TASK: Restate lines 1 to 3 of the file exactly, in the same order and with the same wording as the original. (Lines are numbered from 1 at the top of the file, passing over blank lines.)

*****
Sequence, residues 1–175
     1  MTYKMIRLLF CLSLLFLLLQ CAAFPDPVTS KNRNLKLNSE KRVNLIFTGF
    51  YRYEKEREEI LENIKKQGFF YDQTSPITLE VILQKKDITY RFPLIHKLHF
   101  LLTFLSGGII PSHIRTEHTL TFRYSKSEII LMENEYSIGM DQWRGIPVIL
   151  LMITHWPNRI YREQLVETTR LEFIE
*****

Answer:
Sequence, residues 1–175
     1  MTYKMIRLLF CLSLLFLLLQ CAAFPDPVTS KNRNLKLNSE KRVNLIFTGF
    51  YRYEKEREEI LENIKKQGFF YDQTSPITLE VILQKKDITY RFPLIHKLHF